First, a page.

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Agnes Anne Anne's asked beautiful began believe better brother called Captain chair coming dance Datchley dear delightful don't door dress duke exclaimed eyes face father feelings felt fire followed Ford Frank friends girl give half hand hard Hardwicke head hear heard heart Henry hope Hugh idea keep kind knew Lady Lucy Lady Orrington Lascelles laughing leave live look Lord Robert Lord William manner married Master Clavering Master George mean mind Miss Elder Miss Scawen Mordaunt morning Morton mother never offer once passed perhaps person play poor present pretty remarked replied returned round seemed side Sir Arthur smiling speak standing step suppose sure talk tell thing thought told took Towser turned voice wait walk wish woman wonder write young
Página 54 - Like to the falling of a star; Or as the flights of eagles are; Or like the fresh spring's gaudy hue; Or silver drops of morning dew; Or like a wind that chafes the flood; Or bubbles which on water stood; Even such is man, whose borrowed light Is straight called in, and paid to night. The wind blows out; the bubble dies; The spring entombed in autumn lies; The dew dries up; the star is shot; The flight is past; and man forgot.
Página 47 - For ever, Fortune, wilt thou prove An unrelenting foe to Love, And when we meet a mutual heart Come in between, and bid us part ? Bid us sigh on from day to day, And wish and wish the soul away ; Till youth and genial years are flown, And all the life of life is gone...
Página 66 - OH ! ask not, hope thou not too much Of sympathy below ; Few are the hearts whence one same touch Bids the sweet fountains flow : Few — and by still conflicting powers Forbidden here to meet — Such ties would make this life of ours Too fair for aught so fleet.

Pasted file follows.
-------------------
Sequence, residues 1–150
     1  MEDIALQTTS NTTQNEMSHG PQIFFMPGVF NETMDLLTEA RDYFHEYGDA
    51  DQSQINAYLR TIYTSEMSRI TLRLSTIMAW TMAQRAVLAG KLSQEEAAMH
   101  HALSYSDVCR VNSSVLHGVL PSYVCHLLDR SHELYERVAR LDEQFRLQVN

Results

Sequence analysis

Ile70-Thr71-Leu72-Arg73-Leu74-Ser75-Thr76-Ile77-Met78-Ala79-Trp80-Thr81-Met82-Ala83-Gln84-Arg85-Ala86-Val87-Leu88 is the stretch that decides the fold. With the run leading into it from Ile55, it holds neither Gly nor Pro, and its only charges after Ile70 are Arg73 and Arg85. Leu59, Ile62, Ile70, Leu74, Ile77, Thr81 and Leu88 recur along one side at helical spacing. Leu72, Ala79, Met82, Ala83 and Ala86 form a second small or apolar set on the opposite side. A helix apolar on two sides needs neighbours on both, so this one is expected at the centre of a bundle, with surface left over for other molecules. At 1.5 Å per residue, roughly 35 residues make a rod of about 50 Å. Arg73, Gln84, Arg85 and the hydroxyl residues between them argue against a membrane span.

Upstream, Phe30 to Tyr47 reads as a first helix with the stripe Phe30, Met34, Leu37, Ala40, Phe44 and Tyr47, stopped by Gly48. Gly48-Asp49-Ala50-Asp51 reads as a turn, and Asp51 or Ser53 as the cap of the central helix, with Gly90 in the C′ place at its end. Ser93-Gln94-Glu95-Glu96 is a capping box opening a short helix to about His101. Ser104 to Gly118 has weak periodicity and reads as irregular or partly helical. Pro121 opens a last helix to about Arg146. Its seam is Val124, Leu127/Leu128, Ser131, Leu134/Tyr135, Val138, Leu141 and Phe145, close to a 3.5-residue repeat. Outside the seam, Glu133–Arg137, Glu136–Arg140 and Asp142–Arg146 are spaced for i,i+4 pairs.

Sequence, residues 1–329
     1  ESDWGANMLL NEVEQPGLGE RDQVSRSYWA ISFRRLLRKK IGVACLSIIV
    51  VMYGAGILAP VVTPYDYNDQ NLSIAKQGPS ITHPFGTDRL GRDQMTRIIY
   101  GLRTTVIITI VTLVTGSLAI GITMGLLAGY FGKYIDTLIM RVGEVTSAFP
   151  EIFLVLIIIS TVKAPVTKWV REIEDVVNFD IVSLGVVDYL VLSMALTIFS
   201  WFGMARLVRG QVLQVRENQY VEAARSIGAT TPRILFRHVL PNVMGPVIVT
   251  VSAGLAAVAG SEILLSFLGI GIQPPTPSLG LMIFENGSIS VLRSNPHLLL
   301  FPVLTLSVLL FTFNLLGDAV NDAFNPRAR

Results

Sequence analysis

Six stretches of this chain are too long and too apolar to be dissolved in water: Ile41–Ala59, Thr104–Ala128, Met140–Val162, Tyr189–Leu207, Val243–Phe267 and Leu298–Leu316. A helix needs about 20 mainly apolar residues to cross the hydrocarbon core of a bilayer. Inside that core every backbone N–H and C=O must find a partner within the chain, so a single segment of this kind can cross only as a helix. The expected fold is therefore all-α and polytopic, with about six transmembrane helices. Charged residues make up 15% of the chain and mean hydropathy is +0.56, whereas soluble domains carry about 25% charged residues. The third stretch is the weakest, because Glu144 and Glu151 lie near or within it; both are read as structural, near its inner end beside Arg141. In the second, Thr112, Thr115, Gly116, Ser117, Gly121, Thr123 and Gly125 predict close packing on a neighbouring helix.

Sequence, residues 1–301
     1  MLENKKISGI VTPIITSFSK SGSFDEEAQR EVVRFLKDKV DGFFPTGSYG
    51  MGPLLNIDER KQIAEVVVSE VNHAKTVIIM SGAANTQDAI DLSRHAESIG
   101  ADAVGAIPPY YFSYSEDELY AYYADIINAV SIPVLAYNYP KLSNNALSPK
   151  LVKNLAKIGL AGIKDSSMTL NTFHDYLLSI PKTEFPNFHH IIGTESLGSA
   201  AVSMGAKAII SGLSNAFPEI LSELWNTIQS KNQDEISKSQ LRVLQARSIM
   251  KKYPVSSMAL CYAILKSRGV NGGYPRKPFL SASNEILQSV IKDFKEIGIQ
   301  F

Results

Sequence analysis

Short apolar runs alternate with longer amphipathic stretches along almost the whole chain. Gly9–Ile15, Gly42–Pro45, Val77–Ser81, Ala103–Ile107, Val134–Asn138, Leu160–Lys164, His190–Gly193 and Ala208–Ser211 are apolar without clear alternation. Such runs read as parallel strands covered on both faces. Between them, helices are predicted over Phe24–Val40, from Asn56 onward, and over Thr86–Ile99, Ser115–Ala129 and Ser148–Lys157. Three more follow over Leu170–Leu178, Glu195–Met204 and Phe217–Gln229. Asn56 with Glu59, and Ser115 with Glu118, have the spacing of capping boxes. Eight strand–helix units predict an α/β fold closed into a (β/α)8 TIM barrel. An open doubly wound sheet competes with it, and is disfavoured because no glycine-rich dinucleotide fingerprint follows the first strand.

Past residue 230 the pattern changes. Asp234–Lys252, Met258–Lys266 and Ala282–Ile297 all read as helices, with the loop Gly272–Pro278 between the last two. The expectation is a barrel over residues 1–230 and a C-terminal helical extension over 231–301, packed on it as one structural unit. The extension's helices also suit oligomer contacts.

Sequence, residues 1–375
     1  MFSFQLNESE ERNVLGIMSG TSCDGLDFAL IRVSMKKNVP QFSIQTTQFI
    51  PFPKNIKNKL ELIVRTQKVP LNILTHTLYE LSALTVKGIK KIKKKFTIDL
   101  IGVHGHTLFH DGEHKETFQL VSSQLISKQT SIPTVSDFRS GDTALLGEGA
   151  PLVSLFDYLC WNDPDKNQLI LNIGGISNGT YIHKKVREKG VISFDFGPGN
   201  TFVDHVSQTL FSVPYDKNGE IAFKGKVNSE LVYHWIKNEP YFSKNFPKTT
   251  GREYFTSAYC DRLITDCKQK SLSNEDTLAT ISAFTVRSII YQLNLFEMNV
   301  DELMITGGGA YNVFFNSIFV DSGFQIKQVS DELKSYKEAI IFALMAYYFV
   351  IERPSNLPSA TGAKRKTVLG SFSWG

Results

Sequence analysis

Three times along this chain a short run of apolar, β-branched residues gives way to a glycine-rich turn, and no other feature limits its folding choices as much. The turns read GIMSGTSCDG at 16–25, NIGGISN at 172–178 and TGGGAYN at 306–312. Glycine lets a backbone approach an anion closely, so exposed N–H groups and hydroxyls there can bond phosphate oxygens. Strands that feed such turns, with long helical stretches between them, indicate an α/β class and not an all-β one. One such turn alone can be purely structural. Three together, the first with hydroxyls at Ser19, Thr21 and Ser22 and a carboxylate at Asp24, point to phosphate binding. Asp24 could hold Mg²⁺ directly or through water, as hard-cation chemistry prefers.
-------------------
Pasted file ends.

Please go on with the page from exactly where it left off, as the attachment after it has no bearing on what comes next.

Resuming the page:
Página 76 - Her* divine skill taught me this, That from every thing I saw I could some instruction draw, And raise pleasure to the height Through the meanest object's sight. By the murmur of a spring, Or the least bough's rustelling ; By a Daisy whose leaves spread Shut when Titan goes to bed ; Or a shady bush or tree ; She could more infuse in me Than all Nature's beauties can In some other wiser man.
Página 49 - Earl's gift; but ever at a breath She linger'd, looking like a summer moon Half-dipt in cloud : anon she shook her head, And shower'd the rippled ringlets to her knee; Unclad herself in haste: adown the stair Stole on; and, like a creeping sunbeam, slid From pillar unto pillar, until she reach'd The gateway; there she found her palfrey trapt In purple blazon'd with armorial gold.
Página 64 - Yet what binds us, friend to friend, But that soul with soul can blend ? Soul-like were those hours of yore; Let us walk in soul once more ! " Take, O boatman, thrice thy fee ; Take, — I give it willingly; For, invisible to thee, Spirits twain have crossed with me !" " O, that is beautiful, — ' beautiful exceedingly !' Who translated it ? "